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Woman sentenced to prison after botched and illegal buttocks enhancement

Woman sentenced to prison after botched and illegal buttocks enhancement
Philadelphia police leave a hotel after investigating the 2011 death of a woman after a botched procedure to enhance her buttocks. In L.A., a beautician was sentenced to jail Monday for a similar procedure. (Matt Rourke / Associated Press)

A Monterey Park beautician who performed illegal procedures to enhance women’s buttocks was sentenced Monday to two years in federal prison and ordered to pay $125,000 in fines and restitution.

Ana Bertha Diaz Hernandez, 48, persuaded clients to let her inject fluids into them. She claimed she could make women more shapely, but one client needed major corrective surgery.

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U.S. District Judge Philip S. Gutierrez in Los Angeles ordered Diaz to pay a $95,000 fine and $30,000 in restitution to the victim.

Diaz had pleaded guilty in July and faced up to three years in prison for one count of receipt of an adulterated and misbranded medical device, according to federal court records.

Prosecutors alleged that Diaz collected at least $40,000 for “recklessly” performing injections on more than 10 customers.

The beautician, who held no licenses in the U.S. that qualified her to perform the injections, charged thousands of dollars for what she described as lamb's fat injections, court records said.

According to an affidavit filed in connection with the case, a victim identified as “I.T.” complained to the California Medical Board.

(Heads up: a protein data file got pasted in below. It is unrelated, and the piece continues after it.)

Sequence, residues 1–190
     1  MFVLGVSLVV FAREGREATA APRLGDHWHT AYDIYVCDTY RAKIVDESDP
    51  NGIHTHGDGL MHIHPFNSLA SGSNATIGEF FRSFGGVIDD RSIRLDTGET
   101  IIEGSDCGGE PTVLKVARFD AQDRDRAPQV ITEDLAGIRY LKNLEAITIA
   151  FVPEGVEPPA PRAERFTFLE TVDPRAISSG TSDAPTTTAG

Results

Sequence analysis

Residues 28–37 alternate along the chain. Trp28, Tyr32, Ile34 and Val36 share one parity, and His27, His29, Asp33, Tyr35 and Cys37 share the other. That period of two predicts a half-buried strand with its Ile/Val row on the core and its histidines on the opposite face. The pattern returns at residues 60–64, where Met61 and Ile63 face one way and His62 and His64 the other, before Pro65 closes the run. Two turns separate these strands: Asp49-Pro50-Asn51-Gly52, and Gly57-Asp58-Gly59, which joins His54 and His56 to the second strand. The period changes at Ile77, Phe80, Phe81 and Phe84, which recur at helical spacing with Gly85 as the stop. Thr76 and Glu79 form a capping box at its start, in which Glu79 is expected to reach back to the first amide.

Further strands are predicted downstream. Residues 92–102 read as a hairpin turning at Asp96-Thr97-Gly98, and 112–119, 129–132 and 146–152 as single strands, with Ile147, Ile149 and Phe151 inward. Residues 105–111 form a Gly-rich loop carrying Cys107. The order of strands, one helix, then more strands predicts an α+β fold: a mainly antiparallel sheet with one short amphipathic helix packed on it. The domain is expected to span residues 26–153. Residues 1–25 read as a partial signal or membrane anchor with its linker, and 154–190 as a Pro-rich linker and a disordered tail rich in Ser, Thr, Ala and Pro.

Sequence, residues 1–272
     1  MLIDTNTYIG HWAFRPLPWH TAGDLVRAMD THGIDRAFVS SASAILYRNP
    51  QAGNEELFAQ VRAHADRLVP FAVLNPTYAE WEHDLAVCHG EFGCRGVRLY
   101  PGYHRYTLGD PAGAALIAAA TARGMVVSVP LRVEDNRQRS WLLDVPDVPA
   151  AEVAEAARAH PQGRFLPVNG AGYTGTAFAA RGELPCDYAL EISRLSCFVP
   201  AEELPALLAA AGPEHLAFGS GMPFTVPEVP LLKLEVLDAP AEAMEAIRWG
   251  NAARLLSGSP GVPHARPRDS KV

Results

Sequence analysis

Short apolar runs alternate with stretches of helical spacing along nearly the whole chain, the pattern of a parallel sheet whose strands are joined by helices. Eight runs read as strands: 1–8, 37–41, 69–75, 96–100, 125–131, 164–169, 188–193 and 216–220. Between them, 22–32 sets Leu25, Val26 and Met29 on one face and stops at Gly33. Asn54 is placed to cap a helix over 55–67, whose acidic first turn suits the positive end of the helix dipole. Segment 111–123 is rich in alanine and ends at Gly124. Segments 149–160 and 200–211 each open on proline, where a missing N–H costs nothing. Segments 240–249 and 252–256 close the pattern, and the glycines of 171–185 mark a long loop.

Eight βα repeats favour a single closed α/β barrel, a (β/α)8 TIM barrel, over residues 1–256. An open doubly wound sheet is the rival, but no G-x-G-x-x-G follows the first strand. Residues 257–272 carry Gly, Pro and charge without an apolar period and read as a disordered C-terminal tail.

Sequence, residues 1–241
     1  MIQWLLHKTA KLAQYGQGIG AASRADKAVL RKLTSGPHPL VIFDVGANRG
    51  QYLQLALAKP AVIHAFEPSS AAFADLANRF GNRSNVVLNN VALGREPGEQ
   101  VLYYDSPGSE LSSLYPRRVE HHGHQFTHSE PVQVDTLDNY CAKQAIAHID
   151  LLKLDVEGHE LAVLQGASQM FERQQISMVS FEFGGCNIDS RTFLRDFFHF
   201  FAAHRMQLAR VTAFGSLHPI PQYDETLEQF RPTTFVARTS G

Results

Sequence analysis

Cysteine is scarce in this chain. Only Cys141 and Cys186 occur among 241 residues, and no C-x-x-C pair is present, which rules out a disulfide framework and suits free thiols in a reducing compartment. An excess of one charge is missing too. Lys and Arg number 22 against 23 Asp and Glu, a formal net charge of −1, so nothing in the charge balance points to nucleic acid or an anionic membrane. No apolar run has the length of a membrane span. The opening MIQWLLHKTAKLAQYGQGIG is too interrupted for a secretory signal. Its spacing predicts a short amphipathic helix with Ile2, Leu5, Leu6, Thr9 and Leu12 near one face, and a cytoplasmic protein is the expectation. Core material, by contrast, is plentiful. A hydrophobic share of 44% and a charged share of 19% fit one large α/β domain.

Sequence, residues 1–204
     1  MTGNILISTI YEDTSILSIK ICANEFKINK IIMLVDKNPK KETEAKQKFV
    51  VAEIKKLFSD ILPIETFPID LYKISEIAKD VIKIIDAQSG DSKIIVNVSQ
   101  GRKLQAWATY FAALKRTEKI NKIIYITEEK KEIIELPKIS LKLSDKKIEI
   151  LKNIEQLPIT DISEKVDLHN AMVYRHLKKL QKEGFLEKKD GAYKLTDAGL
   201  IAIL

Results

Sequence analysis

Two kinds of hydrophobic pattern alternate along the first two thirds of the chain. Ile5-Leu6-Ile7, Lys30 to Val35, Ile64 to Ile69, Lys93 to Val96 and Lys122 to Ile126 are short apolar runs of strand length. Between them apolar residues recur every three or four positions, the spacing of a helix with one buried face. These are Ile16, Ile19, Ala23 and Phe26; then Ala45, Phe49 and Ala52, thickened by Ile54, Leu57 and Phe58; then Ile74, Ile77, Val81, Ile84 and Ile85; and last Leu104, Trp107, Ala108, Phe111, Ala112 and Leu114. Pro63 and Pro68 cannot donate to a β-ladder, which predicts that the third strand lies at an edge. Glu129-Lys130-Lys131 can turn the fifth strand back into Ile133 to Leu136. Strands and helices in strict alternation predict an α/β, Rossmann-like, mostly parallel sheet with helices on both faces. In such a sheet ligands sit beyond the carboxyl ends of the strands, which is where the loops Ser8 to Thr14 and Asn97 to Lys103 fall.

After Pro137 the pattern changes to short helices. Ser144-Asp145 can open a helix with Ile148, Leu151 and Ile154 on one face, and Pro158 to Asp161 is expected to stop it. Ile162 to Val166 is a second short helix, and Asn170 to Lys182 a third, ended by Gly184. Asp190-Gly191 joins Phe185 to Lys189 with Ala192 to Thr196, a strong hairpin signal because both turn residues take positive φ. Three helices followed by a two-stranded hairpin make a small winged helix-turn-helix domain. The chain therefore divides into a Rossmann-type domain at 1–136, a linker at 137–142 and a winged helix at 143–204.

Diaz allegedly recommended 15 injections in each buttock as well as “amino acid” shots to remove stretch marks. After the first visit, the woman returned four more times in 2015, spending $5,000 to $6,000.

By the end of that year, the woman began feeling cramps, itchiness and stinging, and developed lumps in her buttocks. Her fingers also became swollen.

In August 2016, the woman traveled to Colombia to see a specialist in correcting plastic surgery blunders. The doctor removed the substance as well as portions of the woman’s buttocks, according to the affidavit. He had to use skin grafts to rebuild the skin.

I.T. remained in Colombia for 23 days to recover from the surgery.

The substance used in the injections might have been silicone, authorities said, but neither silicone nor a product from lambs has been approved for such procedures by the U.S. Food and Drug Administration.

“Injections of silicone for body contouring purposes, especially deep-tissue injections into the buttocks of the large amounts of silicone that would be required to achieve visible buttocks augmentation and enhancement, present serious risks and dangers,” the affidavit stated.

In a few cases, victims have died.

I.T. later became involved in gathering evidence against Diaz, recording a meeting in which Diaz made a sales pitch for the procedure to another person.

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